"This is revolutionary, really one of the coolest things I've heard in a long time," says Dan Sullivan of the Rodale Institute, which has been teaching about organic agriculture since 1947.
(2 November 2008)
Green prisons farm, recycle to save energy, money
Phuong Le, Associate Press via Seattle P-I
LITTLEROCK, Wash. -- Of all the things convicted murderer Robert Knowles has been called during his 13 years behind bars, recycler hasn't been one of them.
But there he was one morning, pitchfork in hand, composting food scraps from the main chow line and coffee grounds from prison headquarters - doing his part to "green" the prison.
(1 November 2008)
Food Insecurity's Dirty Secret
Rattan Lal, Science
Attempts to increase crop yields in sub-Saharan Africa have failed repeatedly since the 1960s because soil quality has been ignored. The Green Revolution of the 1970s bypassed sub-Saharan Africa, and is stalling in the rice-wheat system of South Asia and elsewhere because of soil degradation, organic matter and nutrient depletion, and excessive withdrawal of ground water. Average yields of grain crops in sub-Saharan Africa have stagnated below 1 ton per hectare since the 1960s, with dire consequences on human well-being and ecosystem services. The problem of food insecurity, affecting 854 million people, is worsened by increases in the price of rice, wheat, and other food staples (1–6) and by global warming (7).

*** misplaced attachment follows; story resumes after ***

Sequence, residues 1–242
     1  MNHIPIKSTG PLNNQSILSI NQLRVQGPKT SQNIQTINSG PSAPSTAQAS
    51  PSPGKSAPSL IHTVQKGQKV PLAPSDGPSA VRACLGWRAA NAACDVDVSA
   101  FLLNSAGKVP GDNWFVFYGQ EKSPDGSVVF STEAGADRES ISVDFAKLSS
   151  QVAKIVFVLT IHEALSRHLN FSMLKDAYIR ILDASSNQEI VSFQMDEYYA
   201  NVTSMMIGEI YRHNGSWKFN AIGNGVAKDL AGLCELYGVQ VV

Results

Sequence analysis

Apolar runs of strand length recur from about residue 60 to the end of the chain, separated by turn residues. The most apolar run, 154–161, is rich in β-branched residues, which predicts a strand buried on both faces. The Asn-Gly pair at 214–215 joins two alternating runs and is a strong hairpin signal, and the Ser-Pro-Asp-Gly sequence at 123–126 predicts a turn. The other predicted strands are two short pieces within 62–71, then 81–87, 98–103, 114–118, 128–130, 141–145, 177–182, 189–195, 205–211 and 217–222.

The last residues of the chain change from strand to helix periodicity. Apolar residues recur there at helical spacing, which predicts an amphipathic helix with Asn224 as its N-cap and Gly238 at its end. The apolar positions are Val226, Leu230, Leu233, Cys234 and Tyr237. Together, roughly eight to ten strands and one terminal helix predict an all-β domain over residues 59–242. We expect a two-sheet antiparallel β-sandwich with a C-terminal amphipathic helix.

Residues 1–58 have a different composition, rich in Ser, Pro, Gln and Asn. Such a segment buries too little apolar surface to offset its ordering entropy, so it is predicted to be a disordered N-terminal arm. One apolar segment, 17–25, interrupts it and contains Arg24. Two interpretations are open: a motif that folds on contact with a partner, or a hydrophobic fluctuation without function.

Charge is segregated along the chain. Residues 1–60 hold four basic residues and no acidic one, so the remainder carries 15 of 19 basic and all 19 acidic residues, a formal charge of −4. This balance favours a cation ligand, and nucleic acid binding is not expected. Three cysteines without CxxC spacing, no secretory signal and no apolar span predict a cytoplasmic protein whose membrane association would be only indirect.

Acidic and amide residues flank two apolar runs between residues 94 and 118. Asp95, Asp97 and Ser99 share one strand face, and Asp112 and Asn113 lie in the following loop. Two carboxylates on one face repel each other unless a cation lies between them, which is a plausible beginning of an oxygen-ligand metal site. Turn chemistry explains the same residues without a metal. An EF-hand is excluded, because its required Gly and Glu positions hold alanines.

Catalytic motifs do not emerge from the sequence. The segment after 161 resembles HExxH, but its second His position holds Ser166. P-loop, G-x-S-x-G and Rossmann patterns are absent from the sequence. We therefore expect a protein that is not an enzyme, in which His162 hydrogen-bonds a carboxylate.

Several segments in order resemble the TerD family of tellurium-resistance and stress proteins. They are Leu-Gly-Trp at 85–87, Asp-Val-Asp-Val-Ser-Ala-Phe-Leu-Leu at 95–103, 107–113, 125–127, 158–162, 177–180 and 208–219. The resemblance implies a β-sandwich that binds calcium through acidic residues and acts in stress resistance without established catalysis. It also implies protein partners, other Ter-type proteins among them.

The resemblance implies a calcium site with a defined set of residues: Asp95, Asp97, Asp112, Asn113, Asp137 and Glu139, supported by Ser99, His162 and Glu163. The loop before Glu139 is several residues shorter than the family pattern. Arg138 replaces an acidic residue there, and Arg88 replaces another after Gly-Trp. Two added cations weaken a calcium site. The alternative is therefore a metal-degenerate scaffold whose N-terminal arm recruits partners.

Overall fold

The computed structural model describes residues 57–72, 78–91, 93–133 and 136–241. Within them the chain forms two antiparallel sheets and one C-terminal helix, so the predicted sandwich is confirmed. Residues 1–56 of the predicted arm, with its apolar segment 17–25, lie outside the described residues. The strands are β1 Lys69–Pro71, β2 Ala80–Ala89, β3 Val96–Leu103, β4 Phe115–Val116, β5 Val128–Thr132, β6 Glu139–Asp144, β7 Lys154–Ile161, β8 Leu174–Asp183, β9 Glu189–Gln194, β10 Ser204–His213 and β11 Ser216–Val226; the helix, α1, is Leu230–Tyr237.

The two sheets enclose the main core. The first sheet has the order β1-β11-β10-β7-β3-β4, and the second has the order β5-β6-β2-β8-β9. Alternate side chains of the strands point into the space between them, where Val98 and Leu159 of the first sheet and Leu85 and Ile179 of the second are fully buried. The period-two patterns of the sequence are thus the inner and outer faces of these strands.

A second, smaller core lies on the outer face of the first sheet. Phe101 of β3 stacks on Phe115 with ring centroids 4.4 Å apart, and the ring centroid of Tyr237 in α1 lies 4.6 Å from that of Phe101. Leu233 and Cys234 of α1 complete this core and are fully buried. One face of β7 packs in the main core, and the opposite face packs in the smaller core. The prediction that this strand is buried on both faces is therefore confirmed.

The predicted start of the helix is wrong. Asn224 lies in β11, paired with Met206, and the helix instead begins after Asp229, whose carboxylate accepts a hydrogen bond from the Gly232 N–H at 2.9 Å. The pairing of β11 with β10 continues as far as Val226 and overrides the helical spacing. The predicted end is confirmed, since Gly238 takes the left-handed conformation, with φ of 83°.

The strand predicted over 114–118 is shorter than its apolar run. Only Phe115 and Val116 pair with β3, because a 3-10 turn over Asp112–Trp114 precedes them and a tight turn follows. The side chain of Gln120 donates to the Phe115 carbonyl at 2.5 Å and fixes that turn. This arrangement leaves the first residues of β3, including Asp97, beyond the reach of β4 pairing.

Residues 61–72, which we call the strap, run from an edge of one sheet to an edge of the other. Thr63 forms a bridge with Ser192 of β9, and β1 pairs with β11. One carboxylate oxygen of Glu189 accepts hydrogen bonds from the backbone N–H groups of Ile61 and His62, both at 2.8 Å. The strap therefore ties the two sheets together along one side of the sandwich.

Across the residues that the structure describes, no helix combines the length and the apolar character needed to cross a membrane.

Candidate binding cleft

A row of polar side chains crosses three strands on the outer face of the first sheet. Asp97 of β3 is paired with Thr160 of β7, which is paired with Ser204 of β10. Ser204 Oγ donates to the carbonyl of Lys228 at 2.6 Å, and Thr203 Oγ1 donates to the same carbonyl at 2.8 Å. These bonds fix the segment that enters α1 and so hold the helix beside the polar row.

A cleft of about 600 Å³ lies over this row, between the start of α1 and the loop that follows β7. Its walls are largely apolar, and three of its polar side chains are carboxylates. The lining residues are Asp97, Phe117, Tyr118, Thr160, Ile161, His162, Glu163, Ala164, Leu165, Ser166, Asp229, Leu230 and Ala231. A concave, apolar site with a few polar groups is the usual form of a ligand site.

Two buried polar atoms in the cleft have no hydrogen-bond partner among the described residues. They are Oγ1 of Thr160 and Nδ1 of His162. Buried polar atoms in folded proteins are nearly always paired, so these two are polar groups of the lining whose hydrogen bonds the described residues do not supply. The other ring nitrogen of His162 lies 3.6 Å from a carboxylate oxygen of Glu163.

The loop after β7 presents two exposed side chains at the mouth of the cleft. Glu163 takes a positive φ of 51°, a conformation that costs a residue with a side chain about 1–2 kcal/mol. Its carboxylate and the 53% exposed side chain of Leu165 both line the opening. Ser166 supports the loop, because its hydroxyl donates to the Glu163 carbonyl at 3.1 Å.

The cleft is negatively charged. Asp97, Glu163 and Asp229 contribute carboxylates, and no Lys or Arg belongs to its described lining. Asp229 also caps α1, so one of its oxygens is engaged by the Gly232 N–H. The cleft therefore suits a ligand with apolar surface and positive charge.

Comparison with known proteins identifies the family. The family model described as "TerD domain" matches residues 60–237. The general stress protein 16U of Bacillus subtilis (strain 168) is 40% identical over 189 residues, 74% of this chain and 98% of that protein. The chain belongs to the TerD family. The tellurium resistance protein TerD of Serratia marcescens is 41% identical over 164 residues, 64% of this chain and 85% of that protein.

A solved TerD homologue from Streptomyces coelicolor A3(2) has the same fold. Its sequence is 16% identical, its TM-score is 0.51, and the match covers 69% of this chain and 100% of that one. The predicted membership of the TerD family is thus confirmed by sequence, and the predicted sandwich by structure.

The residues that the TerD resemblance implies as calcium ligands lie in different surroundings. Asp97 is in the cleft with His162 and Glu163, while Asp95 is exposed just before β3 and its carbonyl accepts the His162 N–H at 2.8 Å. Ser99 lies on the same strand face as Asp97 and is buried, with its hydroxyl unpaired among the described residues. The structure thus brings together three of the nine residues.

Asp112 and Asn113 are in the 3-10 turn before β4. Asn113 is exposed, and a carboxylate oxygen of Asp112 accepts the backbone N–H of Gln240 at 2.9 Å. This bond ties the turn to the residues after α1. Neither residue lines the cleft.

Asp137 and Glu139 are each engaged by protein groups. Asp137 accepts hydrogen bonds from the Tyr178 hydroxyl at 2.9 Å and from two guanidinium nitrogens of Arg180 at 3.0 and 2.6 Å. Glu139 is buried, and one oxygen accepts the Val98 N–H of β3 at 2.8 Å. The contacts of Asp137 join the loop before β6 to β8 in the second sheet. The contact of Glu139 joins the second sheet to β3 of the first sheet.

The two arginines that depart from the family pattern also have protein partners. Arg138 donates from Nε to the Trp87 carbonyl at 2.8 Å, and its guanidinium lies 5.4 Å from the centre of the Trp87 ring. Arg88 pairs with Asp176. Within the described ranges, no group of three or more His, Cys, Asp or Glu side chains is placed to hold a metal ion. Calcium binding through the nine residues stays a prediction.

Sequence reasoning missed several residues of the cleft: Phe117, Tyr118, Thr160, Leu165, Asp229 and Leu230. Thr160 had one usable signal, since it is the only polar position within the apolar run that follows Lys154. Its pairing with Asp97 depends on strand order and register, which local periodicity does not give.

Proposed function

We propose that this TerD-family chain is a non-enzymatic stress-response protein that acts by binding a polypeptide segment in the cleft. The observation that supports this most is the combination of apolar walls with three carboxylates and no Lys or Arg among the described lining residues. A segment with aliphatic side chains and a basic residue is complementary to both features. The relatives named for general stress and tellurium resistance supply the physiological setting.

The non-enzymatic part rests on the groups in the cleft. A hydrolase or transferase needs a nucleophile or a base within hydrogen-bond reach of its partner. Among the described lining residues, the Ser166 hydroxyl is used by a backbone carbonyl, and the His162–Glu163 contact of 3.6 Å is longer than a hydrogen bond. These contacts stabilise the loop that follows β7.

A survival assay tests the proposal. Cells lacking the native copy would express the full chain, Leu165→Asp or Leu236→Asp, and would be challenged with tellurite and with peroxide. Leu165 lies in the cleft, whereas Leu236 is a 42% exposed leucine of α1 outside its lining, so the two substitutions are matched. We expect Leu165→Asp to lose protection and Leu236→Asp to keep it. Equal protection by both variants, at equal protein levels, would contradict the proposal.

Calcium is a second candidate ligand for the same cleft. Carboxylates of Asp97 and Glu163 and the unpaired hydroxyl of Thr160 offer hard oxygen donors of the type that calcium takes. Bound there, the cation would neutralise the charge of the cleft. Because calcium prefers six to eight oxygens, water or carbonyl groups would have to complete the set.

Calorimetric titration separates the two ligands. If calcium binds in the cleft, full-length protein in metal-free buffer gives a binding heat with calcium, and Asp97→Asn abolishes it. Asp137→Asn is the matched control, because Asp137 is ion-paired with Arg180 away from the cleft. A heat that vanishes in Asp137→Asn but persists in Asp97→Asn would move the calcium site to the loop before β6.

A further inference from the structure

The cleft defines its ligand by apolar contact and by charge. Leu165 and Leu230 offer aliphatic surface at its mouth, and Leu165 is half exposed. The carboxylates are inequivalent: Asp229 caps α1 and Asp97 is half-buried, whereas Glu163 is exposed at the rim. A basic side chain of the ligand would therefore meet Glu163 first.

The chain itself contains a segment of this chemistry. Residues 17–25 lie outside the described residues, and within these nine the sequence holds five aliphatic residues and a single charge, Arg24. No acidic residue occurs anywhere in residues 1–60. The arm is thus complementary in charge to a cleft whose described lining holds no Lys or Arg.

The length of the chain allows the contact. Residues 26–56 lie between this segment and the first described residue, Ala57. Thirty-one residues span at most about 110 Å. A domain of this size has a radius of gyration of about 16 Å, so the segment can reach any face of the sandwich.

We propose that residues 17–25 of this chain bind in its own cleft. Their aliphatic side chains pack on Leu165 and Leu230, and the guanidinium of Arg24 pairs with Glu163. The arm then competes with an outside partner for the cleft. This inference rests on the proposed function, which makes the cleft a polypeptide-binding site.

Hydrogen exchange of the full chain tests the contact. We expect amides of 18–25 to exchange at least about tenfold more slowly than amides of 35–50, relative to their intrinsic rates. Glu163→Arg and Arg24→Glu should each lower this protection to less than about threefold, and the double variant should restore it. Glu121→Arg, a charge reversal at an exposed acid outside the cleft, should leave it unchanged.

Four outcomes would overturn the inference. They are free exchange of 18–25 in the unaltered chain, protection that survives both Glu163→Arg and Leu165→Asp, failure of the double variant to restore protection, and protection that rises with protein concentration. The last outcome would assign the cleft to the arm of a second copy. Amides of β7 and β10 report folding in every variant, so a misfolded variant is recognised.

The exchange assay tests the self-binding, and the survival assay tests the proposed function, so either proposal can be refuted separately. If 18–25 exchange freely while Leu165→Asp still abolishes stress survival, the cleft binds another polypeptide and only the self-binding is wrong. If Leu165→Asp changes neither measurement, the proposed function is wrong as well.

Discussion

Proven soil management technologies, to be promoted in conjunction with improved varieties, include (i) no-till farming with mulch, cover crops, and complex rotations; (ii) water conservation, harvesting, and recycling with efficient irrigation including drip and furrow methods; and (iii) integrated nutrient management with compost, biochar, N fixation, and supplements of nano-enhanced and slow-release fertilizers. The yield potential of improved varieties can only be realized if grown following optimal soils and agronomic management. Rather than giving handouts as emergency aids, resource-poor farmers must be compensated for ecosystem services (e.g., trading C credits) to promote technology adoption and soil restoration.
Food insecurity is exacerbated by emphasis on biofuels (1, 8, 9). We must establish energy plantations (10, 11) (grasses, trees, algae, and cyanobacteria) using soils and waters that do not compete with food production. This energy can be used to provide modern cooking fuels to rural communities in sub-Saharan Africa and South Asia, in a way that will minimize health hazards, promote use of crop residues and dung as soil amendments, and mitigate the Asian soot cloud.